The ICG's present surveillance requirements are being met with the help of the German-origin Dornier Do 228 aircrafts, 40 of which have been sanctioned for induction, so far. Of these already 38 have reportedly been delivered. 17 of these would be equipped with the more advanced Israeli Elta EL/M-2022A radar. If we're to assume this particular RFI is taken to its logical conclusion then, if all goes well, it would be at least 2 years before the contract is signed, and an additional 2-3 years before deliveries can commence. We would thus see them getting inducted into the Coast Guard only by 2018-19. With recent reports of the Indian Navy looking to acquire newer medium range reconnaissance aircrafts of its own, there are speculations that the Navy might transfer the Britten-Norman Islander aircrafts, for which it is looking for a replacement, to the Coast Guard. This transfer, coupled with the planned MMMR purchase & the existing Dornier would see the Coast Guard's aerial capabilities getting a significant boost. If feasible, one could also contemplate a grouping of the Navy's & Coast Guard's purchases with a common airframe for both, with the baseline model being purchased for the latter & the more advanced variant of the Navy. Either way, one hopes that the decision is delayed no further, this time around & the Coast Guard's schedule for its expansion plans are maintained.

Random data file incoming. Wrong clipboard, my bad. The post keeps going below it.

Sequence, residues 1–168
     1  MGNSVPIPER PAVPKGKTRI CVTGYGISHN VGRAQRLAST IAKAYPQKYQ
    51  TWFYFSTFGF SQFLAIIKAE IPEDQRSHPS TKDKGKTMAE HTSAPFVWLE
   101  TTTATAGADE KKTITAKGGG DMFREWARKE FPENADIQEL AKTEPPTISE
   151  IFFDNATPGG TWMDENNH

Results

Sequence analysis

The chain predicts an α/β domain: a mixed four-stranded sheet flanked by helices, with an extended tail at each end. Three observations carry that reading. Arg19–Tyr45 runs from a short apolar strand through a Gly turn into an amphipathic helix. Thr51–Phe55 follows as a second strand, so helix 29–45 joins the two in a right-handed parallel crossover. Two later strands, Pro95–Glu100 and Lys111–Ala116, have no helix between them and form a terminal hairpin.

http://www.aame.in/2013/09/cabs-to-deli ... itime.html

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Re: Indian Military Aviation- Jan 10 2012

Postby pragnya » 02 Sep 2013 09:02

indranilroy wrote:Actually,

I am with Shukla on this. Go HTT-40.


not surprising at all given the state of affairs economically. HAL gets its share as per the mandate. as i have said before, whether IAF goes with it or not, HAL needs to move ahead with IA, IN and the global market in mind.

in his report ajai shukla mentions -